The temple was to be a place of prayer and giving to God. It was not to be a place where people earned money for themselves by tempting others to spend their offering money before they could give it to God. Or, by short-changing people who needed to convert their currency to Jewish coins to make their offering.
Note: By New Testament times there were multiple coins in use: Roman coins (denarius), Greek coins (drachma, farthing), and Jewish coins (mite, pound, shekel, talent). The mite was a thin copper coin made of a poor grade of copper or bronze. It held the least value among the coins.
People poured into the temple from all over to offer their sacrifices by dropping coins into the trumpet-shaped chests along the walls of the temple court.
I imagine if you were wealthy and had lots to give, it could take you awhile to drop all your money in the top of that trumpet-shaped chest, especially if you dropped them just one coin at a time. Cha-ching… ching ... ching … ching-ching … ching ... ching …ching-ching. It would be obvious that you were putting much in as you stood there depositing coins, maybe even holding up the line for a minute until you were done.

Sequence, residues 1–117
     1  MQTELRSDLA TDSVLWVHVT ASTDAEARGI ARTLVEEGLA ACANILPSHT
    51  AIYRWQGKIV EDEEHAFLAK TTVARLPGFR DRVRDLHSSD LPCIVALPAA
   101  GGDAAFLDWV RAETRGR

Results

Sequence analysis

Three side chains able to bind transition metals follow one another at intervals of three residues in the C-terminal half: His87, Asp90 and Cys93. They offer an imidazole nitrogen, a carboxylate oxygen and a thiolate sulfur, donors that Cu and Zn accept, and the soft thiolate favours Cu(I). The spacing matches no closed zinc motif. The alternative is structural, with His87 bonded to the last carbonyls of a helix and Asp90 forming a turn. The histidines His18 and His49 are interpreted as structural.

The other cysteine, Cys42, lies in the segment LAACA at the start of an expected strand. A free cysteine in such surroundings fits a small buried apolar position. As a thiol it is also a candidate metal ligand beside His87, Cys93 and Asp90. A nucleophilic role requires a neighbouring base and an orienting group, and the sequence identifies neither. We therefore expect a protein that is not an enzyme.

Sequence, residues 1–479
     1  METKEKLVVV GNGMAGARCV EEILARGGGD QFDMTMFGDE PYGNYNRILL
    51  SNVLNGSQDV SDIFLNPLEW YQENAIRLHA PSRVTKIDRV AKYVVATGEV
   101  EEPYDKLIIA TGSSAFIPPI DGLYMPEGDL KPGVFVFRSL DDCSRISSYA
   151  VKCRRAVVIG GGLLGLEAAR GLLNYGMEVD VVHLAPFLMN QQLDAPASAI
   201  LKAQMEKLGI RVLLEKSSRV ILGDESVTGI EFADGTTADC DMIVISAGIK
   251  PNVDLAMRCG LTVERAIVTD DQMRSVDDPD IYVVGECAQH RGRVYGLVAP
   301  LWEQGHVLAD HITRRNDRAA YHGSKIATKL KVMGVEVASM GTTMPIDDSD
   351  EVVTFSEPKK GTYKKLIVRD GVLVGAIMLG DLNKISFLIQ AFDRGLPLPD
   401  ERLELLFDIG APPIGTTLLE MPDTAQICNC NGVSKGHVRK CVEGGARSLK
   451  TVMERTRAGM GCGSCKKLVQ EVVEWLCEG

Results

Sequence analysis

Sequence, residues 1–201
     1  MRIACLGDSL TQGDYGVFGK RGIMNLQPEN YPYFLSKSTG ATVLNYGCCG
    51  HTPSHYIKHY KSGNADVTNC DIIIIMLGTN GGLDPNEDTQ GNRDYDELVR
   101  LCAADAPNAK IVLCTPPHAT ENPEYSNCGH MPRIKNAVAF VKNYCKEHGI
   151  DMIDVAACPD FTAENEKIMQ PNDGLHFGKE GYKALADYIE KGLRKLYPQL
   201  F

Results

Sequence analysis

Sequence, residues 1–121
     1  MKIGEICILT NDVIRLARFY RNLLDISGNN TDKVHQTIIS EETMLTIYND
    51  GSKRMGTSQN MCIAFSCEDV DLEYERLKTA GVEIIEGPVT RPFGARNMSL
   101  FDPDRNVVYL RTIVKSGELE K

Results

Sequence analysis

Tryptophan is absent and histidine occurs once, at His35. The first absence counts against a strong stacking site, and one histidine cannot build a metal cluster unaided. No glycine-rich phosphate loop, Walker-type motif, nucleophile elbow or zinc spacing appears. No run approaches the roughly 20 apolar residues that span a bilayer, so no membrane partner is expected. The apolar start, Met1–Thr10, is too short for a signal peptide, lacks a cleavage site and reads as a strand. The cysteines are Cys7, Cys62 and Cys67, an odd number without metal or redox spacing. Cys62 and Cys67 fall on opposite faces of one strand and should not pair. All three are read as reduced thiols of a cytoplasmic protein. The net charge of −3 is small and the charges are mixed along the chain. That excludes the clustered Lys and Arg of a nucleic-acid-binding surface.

It would also be obvious you were giving much by the type of coins you used. I served food for tips while in college. Sometimes my tip jar would seem full, yet when counted out, it would not amount to much as most of the coins were pennies or nickels and not quarters. I was always glad to see large, silver coins going into that jar rather than small copper ones! You could see who was giving much to God by the coins they were using.
On this Tuesday, Jesus was sitting across the way, in the section called the Court of Women, observing the scene as people gave their offerings to the treasury. The Bible tells us He saw many rich people putting in large sums. Let’s be honest, many religious leaders would be thrilled about this fact. It would mean a large total, guaranteeing that the temple would “meet budget.” And of course a well-funded temple can do many good things. It would also seem that God would be well honored by that day’s big offering, right? Yipee, lots of money raised for God!